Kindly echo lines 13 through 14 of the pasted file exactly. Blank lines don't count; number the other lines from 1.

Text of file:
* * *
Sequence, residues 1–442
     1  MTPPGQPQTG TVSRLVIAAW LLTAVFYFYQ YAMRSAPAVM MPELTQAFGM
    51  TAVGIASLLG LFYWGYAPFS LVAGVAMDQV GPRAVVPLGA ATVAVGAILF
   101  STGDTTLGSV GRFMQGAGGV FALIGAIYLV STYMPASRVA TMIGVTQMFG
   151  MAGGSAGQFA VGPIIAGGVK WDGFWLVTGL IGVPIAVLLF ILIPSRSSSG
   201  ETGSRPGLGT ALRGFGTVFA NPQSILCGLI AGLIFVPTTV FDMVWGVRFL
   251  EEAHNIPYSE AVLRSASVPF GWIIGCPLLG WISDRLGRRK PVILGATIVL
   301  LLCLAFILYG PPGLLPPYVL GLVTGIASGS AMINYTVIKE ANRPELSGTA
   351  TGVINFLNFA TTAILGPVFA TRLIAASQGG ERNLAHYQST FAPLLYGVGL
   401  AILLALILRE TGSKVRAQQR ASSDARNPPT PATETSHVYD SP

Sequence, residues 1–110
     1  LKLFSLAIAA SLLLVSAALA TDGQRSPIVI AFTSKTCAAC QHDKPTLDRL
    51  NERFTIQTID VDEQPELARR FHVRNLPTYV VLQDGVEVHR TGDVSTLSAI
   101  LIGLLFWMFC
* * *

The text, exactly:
    51  NERFTIQTID VDEQPELARR FHVRNLPTYV VLQDGVEVHR TGDVSTLSAI
   101  LIGLLFWMFC